Furthermore, the United Nations proclaims to consist of 193 member states, which includes every sovereign state in the world with the exception of Vatican City. Nevertheless, this forming of this organization is known to be the biggest and the most successful alliance between nations in the history of International Relations. THE COLD WAR (1945 – 1889) The Soviet Union and the United States emerged as rival superpowers, creating a bipolar world and setting the stage for the Cold War. The cold war lasted for the next 46 years and each of them had its own ideology, its collection of alliances, third world consumers and a deadly armory of nuclear weapons.
Meanwhile, the influence of European great powers started to decline, while the decolonization of Asia and Africa began. Most countries whose industries had been damaged moved towards economic recovery. Political integration, especially in Europe, emerged as an effort to stabilize post war relations between fellow nations. In addition, the United States forged NATO (North Atlantic Treaty Organization), a military alliance using suppression of communism and encouraging capitalism as a main strategy in 1949, while the Soviet Union formed the Warsaw Pact in 1955. Some countries aligned with either of these 2 superpowers, whilst others chose to remain as Non-Aligned Movement.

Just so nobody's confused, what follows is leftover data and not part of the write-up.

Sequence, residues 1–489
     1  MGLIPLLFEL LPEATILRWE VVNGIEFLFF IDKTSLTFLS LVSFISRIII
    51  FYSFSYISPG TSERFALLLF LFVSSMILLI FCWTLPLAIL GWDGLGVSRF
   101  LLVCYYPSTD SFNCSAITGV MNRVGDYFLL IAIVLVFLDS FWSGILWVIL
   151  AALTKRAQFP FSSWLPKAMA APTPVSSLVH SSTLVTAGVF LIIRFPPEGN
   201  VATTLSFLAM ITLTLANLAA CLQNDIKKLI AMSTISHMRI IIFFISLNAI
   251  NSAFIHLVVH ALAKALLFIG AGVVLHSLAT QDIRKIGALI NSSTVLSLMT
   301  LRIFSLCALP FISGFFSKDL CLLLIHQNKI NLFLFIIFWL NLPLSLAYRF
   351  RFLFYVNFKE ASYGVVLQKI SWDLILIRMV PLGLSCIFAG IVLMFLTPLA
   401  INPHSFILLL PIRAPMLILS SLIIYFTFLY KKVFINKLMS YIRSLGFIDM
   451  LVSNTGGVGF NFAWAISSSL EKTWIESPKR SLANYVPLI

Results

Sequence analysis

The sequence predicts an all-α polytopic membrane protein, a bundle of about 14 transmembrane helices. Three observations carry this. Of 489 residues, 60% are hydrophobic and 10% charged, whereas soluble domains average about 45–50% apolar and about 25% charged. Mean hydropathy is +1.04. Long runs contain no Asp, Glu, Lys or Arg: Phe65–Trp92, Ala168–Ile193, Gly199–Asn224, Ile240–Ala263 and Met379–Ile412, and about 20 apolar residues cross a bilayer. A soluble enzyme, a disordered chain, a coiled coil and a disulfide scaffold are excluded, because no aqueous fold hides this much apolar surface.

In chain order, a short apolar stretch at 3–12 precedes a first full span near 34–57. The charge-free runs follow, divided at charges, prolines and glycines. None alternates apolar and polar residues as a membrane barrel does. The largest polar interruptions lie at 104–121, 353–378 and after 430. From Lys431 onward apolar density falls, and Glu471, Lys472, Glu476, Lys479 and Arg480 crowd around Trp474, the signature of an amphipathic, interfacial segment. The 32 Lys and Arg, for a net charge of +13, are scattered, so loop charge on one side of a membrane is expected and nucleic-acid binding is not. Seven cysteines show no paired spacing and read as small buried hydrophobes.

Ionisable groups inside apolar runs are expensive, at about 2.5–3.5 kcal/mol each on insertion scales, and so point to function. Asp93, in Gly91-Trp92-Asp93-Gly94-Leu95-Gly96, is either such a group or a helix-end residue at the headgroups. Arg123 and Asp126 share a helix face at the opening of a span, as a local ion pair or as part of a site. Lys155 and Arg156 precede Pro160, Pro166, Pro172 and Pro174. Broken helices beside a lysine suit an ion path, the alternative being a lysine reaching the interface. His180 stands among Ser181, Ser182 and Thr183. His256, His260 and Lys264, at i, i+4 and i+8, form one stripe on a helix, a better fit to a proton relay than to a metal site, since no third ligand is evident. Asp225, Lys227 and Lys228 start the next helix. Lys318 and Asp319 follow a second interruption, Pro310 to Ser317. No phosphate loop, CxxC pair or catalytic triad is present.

The Cold War was named likewise as it never featured direct military action, since both sides possessed nuclear weapons, and its use would result in mass destruction. However these two parties’ third world allies fell victim to s streak of devastating wars, namely, the Korean War (1950–1953), the Suez Crisis (1956), the Berlin Crisis of 1961, the Cuban Missile Crisis (1962), the Vietnam War (1959–1975), the Yom Kippur War (1973), the Soviet war in Afghanistan (1979–1989), the Soviet downing of Korean Air Lines Flight 007 (1983), and the “Able Archer” NATO military exercises (1983). However, by 1991 the cold war came to an end as the Soviet Union collapsed and reformed in to 12 different states.